Somwhere along the line, the FX network followed through on their claim of being the funniest network. Okay maybe not exactly the FUNNIEST, but FX has proven to be a great alternative to the cookie cutter network sitcoms and the never ending barrage of scripted reality shows. They offer really quirky, taboo and sometimes really true to life shows that are sorely needed. The happy medium from the overrated and overhyped network shows (“30 Rock”, “Glee”) and the gritty, realistic HBO shows.
Two shows on their Thursday lineup have caught my attention this season, and they both offer something new and unique to the landscape of television.
“Wilfred“, a brand new show (albeit a US adaption of an Australian show), starring Elijah Wood caught me with a really interesting and trippy concept. A man and his dog, but it’s actually his neighbors dog and for some strange reason he sees the dog as a grown man (in a dog costume). While the show is definitley intriguing, it took a few episodes for me to fully get into it. There’s just so many unanswered questions; like if it’s not a drug trip than why is he seeing things this way? If people can’t see Wilfred as a human, are they seeing Ryan talk to him? Why is Wilfred always at Ryan’s house?
Sometimes though, you really do have to suspend reality and just go along with the fantasy. I now think of Wilfred as some sort of weird symbol for Ryan becoming more outspoken and less of a pushover thanks to Wilfred’s constant manipulation. In that respect, the show is a winner. The writing is pretty clever, and very unpredictable. Every episode offers great laughs, and a really dark element attached from straight up attempted murder to suicide. The writers do their best to keep the viewers guessing, which is quite refreshing in a TV show these days.
The acting overall is also really good, Wood plays his character really well, and in just a few episodes you actually see his growth and change. On episode 4 he finally realized Wilfred’s manipulative ways and was able to stand up to him in a very crowd pleasing moment. Jason Gann (the shows co-creator and star of the original Australian edition), who plays the title character, is easily the stand out. He’s able to be hilarious and a little scary at the same time. Sometimes you really despise him, but than other times you really love him, and he does a great job of keeping some DOG characteristics (another kudo to the writers). And just a suggestion, more Chris Klein! He was perfectly cast as Drew the jock-minded alpha male boyfriend of neighbor Jenna, Wilfred’s real owner. It was really interesting to see the dynamic betwen Wilfred and Drew, who Wilfred actually respects and listens to (begrudgingly of course) which is the total opposite of how he treats Ryan.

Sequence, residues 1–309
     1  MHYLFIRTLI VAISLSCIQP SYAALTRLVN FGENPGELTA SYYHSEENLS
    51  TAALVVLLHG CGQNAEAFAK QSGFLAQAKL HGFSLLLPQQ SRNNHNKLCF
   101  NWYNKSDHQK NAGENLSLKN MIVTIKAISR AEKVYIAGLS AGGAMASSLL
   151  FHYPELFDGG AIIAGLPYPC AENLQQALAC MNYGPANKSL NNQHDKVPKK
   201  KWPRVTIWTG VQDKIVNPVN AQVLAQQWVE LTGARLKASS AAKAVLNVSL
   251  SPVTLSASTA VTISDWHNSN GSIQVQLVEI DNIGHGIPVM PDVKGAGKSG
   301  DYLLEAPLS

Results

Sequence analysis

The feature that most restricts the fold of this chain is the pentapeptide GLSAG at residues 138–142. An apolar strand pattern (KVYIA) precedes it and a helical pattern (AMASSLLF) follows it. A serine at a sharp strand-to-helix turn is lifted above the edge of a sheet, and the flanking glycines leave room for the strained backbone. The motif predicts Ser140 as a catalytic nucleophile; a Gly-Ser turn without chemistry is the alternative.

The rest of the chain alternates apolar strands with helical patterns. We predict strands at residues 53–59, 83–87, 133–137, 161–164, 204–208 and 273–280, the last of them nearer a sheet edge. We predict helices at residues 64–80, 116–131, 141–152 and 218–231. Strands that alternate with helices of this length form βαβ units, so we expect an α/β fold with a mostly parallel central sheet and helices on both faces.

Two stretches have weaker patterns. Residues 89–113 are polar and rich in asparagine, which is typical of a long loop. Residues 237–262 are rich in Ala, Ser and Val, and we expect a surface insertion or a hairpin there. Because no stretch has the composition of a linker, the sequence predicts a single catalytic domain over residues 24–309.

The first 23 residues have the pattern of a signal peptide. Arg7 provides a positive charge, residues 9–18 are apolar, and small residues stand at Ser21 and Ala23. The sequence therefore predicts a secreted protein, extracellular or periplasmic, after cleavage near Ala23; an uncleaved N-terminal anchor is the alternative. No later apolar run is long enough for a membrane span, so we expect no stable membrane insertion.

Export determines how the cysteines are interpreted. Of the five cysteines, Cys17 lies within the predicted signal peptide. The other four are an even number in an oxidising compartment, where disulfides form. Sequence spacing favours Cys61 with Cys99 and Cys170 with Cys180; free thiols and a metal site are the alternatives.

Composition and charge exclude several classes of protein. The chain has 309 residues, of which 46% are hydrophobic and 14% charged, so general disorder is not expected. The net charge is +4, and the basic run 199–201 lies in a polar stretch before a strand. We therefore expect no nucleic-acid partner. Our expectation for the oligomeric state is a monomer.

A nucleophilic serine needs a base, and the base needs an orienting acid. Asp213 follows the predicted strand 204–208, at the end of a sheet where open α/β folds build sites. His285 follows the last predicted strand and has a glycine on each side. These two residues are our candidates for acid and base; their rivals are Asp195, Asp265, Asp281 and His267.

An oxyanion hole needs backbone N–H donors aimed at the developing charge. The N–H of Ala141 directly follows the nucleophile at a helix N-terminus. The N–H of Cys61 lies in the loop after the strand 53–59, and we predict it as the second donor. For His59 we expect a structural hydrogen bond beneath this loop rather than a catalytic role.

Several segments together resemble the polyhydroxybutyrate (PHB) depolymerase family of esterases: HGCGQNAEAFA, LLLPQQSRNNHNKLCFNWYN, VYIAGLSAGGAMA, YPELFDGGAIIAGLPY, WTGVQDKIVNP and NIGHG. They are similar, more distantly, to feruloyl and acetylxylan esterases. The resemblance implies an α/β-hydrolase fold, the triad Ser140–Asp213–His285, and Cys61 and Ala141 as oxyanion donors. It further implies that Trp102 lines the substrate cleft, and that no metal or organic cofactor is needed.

“Wilfred” is a very interesting, unique, intriguing and plain WEIRD show. And now that I’ve fully warmed up to it, I can give a solid recommendation to give it a chance.
Following “Wilfred” is a show that’s so real, it’s like a hundred times more real than any given Reality Show. Currently in it’s second season, “Louie” is a rather mundane, dry and droll show following comedian Louis C.K.’s life after divorce. This show is so unorthodox and goes so far away from the standard “comedy series” blueprint, it actually just feels like real life. The show isn’t really about anything, and there are times where nothing substantial happens in an episode. It’s just following the life of the normal 40-something dude, raising his children and dating and dreaming (or finding the motivation to dream).
C.K. is a sometimes depressive, very self-deprecating, almost ambitionless comedian… and the beauty of the show is that most people in the world can relate to that. That and the fact that the show isn’t scripted or directed like any other show on television. The show will use a bulk of the air time on a conversation, or a dream, or random moments in a car on a road trip. For simply writing episodes that feel like they’ve been pulled from actual conversations from real people, the show deserves an Emmy. (A side note, the show has a killer theme song!!)
Sometimes the show does suffer a bit from it’s dryness, but than there are fantastically written and acted episodes like a recent one in which Louie reconnects with a comedian he started out with. This comedian (played perfectly by Doug Stanhope, who deserves at least a Emmy nod for this performance) is a total cynic, totally smug and arrogant and through very realistic scenes we find out he’s planned to kill himself. The conversation towards the end of the episode was gold, the awkwardness of trying to tell someone not to kill themselves while knowing full well they will anyway. Genius episode, and a real great indicator of why this show needs more attention.
Both “Wilfred” and “Louie” give television viewers something they really need. Most of us are tired of turning on the television and trying to relate to people with lifestyles we can’t relate to. We at least want to see something totally out the box like “Wilfred” or something that is really down to earth like “Louie”.